The #1 Problem MSP Industry Faces

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Still on vacation so I haven’t been jaded enough by the daily grind to offer much of an opinion on Vladville but I did chat with a friend that attended a conference over the summer and he offered the following observation (paraphrased):

So there is tons of opportunity out there in tons of different directions.. but the only thing I haven’t been able to find is a large number of successful business owners that have launched into these new tech fields – just one or two vendor prize cows that I’m sure are more there for a free vacation..

In a nutshell, even though the MSPs and VARs have been dying in droves, few have found a way up the food chain or fish in the wide blue oceans many industry experts fantasize about: and the #1 threat to the entire MSP ecosystem is as follows:

Nobody wants to do any actual IT work anymore.

What automation didn’t kill off in the terms of IT personnel – well, the cloud has been finishing off. Meaning the only good MSP food is the most poisonous one: dealing with the clients that have neglected their IT, that received bad advice, that are extremely or unreasonably cheap or limited in their willingness to touch new technology. And once you do try to untangle the mess you’re mostly stuck looking like the bad guy who broke a perfectly functional car made out of glass and ice cream.

The problem for the vendors is that without the new blood coming in to do the grunt work the pipeline dries up, the acquisition of new accounts becomes more difficult and you see what we have now: Vendors with limited prospects getting acquired for close to nothing (ie: “Financial terms not disclosed”) to private or venture interests with hopes of going IPO in the industry that isn’t growing rapidly. In other words: the greater fool theory.    

Real Grunt Work Sucks

Technology solutions come in two ugly and unappealing ways for the MSPs. The first is the easy/cloud/appliance model that completely eliminates the MSP in virtually all areas. There is literally no business model to be built on this and the relationship is typically large-Fortune-500 direct contract with the client. Some like to play on the edge (“We’ll manage your iPhone for you”) but most are finding very slim profit margins and more PITA – so they do it for the sole purpose of keeping the account.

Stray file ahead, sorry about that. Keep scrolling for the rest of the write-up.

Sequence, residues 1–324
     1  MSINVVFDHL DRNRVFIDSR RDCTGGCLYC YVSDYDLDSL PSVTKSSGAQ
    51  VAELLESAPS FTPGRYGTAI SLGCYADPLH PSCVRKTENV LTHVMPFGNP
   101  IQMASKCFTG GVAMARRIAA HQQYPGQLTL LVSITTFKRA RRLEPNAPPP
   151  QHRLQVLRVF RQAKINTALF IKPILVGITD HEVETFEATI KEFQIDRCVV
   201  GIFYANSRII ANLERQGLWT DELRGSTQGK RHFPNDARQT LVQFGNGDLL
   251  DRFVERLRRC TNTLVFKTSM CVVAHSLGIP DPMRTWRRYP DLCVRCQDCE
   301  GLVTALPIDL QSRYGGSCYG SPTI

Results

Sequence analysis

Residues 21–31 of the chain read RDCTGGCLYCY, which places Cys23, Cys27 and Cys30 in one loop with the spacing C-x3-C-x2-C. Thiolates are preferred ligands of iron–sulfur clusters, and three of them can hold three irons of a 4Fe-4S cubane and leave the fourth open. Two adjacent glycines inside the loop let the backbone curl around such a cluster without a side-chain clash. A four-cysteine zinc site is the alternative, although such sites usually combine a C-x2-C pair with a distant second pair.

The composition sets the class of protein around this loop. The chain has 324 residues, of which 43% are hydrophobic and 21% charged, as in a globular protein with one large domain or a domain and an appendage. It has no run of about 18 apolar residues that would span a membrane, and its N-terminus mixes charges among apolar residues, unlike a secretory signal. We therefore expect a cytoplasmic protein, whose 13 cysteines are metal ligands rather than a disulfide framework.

The other model – grunt work – is still there but more often than not gets off on the wrong foot due to the complexity in the existing infrastructure. Things sure were easier when everything wasn’t connected to everything else, huh? There are seemingly two ways of doing it: Plan excessively and kill your profits up front or plan and roll out in stages and kill profits and opportunities over time as one thing explodes after another. I kind of like this model because it funds my business model but the real problem for MSPs is..

Do as I say, not as I do..

Bad leadership. You can hit up Vladville from 5 years ago and read about how the Master MSP thing was gonna work out. When you saw those things folding up and those folks getting jobs or becoming unemployed coaches you could have concluded, as I had, that the model just doesn’t scale and the only massively profitable way out was through the greater fool theory. In this sense, the biggest fool on the block was Best Buy.

Time to despair? If you’re an MSP, hell no. It’s important to have perspective and it’s important to understand your best interest. It is in your best interests to minimize costs, maximize profits, scale and replicate the business model far and wide. But that’s not what you’re going to get from the stage full of vendors – because that is not in their best interest – they need you to get the solution in and get out of the way. They need you buying more tools, getting more stuff, more seminars, more training, more expertise and more SWOT – don’t spend money scaling your business and getting more clients, how the hell does that pay the guy who makes you think that you just need to turn into a Walgreens and sell everything and double up your income from the existing client base that already thinks they are paying way too much for IT and hate seeing you at the top of their A/P every month?

If you have a bleak outlook on the technology business you’re either in the wrong business or you’re listening to the wrong people. And they are coaching experts lowlevelvendormanagement unemployed for a reason.

Edit: I kind of forgot to wrap it up there – my point is that the biggest problem the IT industry faces is the fact that nobody wants to do any actual grunt IT work because bulk of the promotion at the shows and other outlets is on simplicity and easy business. And if it were easy everyone would be doing it, not going out of business. The faster you come to terms that your rapid growth depends on your willingness to get dirty, the faster you’re going to grow. This is what we embraced at ExchangeDefender a year ago when we announced we’d do migrations to our hosted Exchange for free – yes it’s more expensive for us to pull off and it is about as glamorous as working the fry machine – but we’re growing and that’s not something you hear a lot out there these days. My motto is actual $ over opportunity to make $, any day, every day, all day long.